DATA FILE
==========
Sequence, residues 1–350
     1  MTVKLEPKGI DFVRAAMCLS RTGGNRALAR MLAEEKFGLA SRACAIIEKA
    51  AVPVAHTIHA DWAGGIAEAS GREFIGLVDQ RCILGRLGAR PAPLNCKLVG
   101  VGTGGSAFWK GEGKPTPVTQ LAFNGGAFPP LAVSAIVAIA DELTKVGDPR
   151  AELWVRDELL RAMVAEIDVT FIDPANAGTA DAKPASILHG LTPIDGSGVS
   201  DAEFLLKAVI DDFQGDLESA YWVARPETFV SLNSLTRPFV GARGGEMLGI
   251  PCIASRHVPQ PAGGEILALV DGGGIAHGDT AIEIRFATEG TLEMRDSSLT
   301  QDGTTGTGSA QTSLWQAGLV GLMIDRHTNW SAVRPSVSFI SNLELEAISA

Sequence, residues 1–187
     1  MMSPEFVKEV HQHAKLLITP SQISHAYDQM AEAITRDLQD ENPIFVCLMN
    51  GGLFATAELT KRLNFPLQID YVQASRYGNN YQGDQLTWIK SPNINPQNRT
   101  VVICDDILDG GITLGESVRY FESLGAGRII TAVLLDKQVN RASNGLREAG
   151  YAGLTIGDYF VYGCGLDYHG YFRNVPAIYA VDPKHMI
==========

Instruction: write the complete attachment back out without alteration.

Sequence, residues 1–350
     1  MTVKLEPKGI DFVRAAMCLS RTGGNRALAR MLAEEKFGLA SRACAIIEKA
    51  AVPVAHTIHA DWAGGIAEAS GREFIGLVDQ RCILGRLGAR PAPLNCKLVG
   101  VGTGGSAFWK GEGKPTPVTQ LAFNGGAFPP LAVSAIVAIA DELTKVGDPR
   151  AELWVRDELL RAMVAEIDVT FIDPANAGTA DAKPASILHG LTPIDGSGVS
   201  DAEFLLKAVI DDFQGDLESA YWVARPETFV SLNSLTRPFV GARGGEMLGI
   251  PCIASRHVPQ PAGGEILALV DGGGIAHGDT AIEIRFATEG TLEMRDSSLT
   301  QDGTTGTGSA QTSLWQAGLV GLMIDRHTNW SAVRPSVSFI SNLELEAISA

Sequence, residues 1–187
     1  MMSPEFVKEV HQHAKLLITP SQISHAYDQM AEAITRDLQD ENPIFVCLMN
    51  GGLFATAELT KRLNFPLQID YVQASRYGNN YQGDQLTWIK SPNINPQNRT
   101  VVICDDILDG GITLGESVRY FESLGAGRII TAVLLDKQVN RASNGLREAG
   151  YAGLTIGDYF VYGCGLDYHG YFRNVPAIYA VDPKHMI